Furniture Retailer Enjoined from Sending eBay VeRO Notices–Design Furnishings v. Zen Path
By Eric Goldman
I’m a little late to this party (see, e.g., Evan Brown’s coverage), but it’s a case worth mentioning even now.
Both litigants are retailers of wicker patio furniture made by a third party Chinese manufacturer. Design Furnishings does most of its business via eBay. (Is this its About Me page?) Zen Path has applied for copyright registrations in the furniture as “sculpture/3-D artwork, Ornamental Design.” After it filed its applications for copyright registration, Zen Path then started submitting lots of VeRO notices of claimed infringement (NOCIs) to eBay to take down Design Furnishings’ listings. Not only did eBay comply, but the repeated takedowns drove down eBay’s statistical measure of Design Furnishings’ reputation, putting Design Furnishings in jeopardy of having its entire account suspended and effectively shutting down its business. To fight back, Design Furnishings sued Zen Path and got a TRO against further VeRO notices from a state court. Zen Path removed the case to federal court, and this ruling addresses whether the federal judge will extend the TRO.
Zen Path is clearly taking an aggressive copyright position. First, the ruling doesn’t clarify how Zen Path, as a retailer of furniture made by a third party, has ownership interests in the third party’s works sufficient to register its rights. Second, furniture normally does not qualify for copyright protection due to the “useful articles” doctrine. Based on the little information we get in this opinion, Zen Path looks like it’s on thin ice.
Nevertheless, Design Furnishings’ legal position is not rock solid either. It has a potential cause of action against Zen Path for violation of 17 USC 512(f), but this raises a number of Qs, including (1) is an eBay VeRO notice a 512(c)(3) takedown notice for purposes of 512(f), and (2) if so, does 512(f) support equitable remedies? On the first Q, see Dudnikov v. MGA Entertainment (VeRO notice is govered by 512(f)) and the partially related 10th Circuit ruling in Dudnikov v. Chalk & Vermillion Fine Arts, Inc. On the second Q, 512(f) only references damages as a remedy, but see the uncited but highly relevant Biosafe-One, Inc. v. Hawks case from 2007, where the court granted an injunction against sending 512(c)(3) notices during the lawsuit pendency.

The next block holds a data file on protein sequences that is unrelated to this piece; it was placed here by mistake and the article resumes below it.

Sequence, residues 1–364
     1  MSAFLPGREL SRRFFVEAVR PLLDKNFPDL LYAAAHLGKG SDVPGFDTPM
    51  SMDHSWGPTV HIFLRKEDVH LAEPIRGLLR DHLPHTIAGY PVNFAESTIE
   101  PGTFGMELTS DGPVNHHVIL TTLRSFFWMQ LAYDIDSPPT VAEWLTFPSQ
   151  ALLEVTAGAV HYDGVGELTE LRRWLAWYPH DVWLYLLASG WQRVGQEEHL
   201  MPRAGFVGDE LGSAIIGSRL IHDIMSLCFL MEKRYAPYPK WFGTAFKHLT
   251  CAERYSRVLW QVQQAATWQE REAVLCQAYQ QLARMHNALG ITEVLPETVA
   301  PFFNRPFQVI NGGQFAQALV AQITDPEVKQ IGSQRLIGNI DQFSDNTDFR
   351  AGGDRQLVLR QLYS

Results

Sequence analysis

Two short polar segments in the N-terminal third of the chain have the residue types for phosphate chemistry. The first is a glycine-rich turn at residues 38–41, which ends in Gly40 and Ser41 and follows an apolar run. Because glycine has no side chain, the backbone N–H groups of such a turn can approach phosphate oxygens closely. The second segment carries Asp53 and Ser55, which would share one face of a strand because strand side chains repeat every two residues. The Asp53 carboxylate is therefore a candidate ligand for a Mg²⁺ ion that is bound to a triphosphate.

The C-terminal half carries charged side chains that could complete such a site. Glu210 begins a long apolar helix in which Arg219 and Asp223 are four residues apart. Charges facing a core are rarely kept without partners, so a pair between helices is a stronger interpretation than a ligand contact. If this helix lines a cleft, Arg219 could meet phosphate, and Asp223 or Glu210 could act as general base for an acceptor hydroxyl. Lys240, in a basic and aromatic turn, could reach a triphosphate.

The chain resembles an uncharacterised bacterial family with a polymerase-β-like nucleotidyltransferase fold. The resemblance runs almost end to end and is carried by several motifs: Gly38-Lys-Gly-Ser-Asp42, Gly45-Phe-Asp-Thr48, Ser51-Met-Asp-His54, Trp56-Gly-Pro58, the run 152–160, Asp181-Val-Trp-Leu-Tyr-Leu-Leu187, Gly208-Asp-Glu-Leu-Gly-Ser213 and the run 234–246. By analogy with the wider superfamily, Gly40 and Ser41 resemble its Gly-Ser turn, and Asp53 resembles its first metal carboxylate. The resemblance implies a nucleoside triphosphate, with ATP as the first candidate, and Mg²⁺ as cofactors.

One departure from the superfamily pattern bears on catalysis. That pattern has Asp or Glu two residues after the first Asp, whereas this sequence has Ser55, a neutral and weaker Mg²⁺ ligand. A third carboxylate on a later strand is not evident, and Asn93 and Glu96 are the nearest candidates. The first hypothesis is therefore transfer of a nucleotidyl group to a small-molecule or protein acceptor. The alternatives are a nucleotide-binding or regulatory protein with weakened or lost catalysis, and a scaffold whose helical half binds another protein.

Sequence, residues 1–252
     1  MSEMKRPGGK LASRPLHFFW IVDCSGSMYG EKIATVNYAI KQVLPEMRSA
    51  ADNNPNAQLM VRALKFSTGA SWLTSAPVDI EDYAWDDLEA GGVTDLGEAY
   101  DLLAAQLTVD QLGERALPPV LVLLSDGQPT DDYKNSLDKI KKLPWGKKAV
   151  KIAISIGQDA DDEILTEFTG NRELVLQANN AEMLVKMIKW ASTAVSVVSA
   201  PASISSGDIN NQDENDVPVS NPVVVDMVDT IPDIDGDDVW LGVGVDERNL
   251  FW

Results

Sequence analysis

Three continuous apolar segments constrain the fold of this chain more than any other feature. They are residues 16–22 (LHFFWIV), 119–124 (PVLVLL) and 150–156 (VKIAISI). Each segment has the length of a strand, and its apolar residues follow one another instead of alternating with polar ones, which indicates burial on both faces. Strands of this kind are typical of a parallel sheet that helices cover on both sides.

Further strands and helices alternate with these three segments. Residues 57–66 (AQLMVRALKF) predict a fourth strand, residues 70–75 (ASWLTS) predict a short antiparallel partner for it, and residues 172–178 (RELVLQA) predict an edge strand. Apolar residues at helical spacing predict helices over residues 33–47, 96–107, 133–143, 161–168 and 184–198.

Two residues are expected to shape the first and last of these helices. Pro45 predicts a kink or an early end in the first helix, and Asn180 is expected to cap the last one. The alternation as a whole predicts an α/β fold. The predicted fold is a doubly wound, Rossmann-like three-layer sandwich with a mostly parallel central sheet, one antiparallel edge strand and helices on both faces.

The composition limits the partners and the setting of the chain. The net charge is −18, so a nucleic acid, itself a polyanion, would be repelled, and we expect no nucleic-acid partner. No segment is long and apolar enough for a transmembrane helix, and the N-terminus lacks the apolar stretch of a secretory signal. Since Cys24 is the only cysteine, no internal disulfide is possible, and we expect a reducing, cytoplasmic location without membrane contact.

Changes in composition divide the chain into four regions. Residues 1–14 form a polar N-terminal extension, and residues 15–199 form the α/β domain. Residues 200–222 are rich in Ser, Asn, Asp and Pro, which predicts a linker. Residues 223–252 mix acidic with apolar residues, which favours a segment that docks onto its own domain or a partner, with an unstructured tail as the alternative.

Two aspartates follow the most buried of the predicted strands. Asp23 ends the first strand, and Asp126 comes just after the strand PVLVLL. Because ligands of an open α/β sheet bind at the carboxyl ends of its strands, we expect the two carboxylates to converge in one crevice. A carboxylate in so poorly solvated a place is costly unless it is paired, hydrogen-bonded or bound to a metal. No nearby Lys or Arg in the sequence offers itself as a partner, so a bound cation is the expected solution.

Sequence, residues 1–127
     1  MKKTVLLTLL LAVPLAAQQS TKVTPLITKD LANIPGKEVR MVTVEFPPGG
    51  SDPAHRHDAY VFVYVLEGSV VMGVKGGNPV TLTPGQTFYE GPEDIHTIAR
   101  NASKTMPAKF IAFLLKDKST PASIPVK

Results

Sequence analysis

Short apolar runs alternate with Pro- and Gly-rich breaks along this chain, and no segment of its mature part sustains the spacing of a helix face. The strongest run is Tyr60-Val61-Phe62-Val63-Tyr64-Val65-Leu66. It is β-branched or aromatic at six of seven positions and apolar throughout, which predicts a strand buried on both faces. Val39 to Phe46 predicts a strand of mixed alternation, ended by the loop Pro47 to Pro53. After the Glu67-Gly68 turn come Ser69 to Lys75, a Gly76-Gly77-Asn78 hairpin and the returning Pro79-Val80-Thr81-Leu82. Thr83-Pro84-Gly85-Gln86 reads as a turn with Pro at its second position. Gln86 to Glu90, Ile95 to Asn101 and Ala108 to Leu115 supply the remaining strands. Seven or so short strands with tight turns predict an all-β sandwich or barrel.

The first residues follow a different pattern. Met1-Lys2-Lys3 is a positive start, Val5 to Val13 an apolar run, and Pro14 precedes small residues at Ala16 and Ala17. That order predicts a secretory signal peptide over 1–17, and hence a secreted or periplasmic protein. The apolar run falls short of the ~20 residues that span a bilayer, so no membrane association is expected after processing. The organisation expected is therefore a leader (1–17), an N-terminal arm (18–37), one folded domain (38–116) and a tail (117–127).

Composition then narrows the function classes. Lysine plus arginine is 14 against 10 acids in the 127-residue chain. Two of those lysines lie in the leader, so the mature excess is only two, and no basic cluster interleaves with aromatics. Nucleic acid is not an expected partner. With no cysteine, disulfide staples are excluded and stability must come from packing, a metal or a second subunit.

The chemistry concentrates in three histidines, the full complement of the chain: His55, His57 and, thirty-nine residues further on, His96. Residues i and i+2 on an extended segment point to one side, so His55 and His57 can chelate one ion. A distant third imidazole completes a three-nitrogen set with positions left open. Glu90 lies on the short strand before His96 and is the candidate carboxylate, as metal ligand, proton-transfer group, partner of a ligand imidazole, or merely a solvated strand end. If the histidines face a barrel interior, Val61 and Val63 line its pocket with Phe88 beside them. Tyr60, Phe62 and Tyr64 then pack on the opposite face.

The court extends the TRO against Zen Path submitting additional VeRO NOCIs. This is good news for Design Furnishings, but the good news in this situation is limited overall. In effect, Design Furnishings had to seek protection from the courts because (a) Zen Path has taken a very aggressive copyright position, (b) eBay refused to mediate Zen Path’s NOCIs, and (c) eBay’s refusal to mediate meant that Design Furnishings could be kicked off the eBay network, even for listings that had nothing to do with this dispute. I don’t expect eBay to adjudicate Zen Path’s copyright claim, but Zen Path has taken eBay’s VeRO program to its logical extreme where it can threaten a target’s entire revenue stream through heavy submission of NOCIs. The court did acknowledge the problem created by eBay’s moral hazard, saying:
the public interest is in fact benefitted by granting a TRO, because absent eBay’s policies, designed to avoid eBay’s liability for intellectual property infringement, it would be the claimed copyright holder who would bear the burden of proving the copyright infringement….That burden is essentially shifted under eBay’s policy. To withhold a TRO would allow anyone to effectively shut down a competitor’s business on eBay simply by filing the notice that the seller’s product allegedly infringes on the complaining party’s copyright.
If in fact Zen Path has overread copyright law, 512(f) is supposed to make Zen Path share the financial pain it caused. See, e.g., the Lenz v. Universal litigation. However, under the 9th Circuit’s Rossi opinion, it’s unlikely Design Furnishings will get damages from Zen Path because Zen Path will argue that it had a good faith belief in its copyright posture. If so, it’s unfortunate that Design Furnishings had to go through this hassle and incur substantial expense simply to restore the status quo.
UPDATE: In December, in a much clearer opinion, the court grants Design Furnishing’s request for a preliminary injunction. It appears Zen Path is the furniture designer, but it may not have any protectable rights in the design. The designer may be infected by the natural rights bug when she said “You are further intending to make copies of furniture that I personally designed inch by inch without my permission. My personally designed furniture belongs to us and we will pursue our rights to the fullest extent of the law.”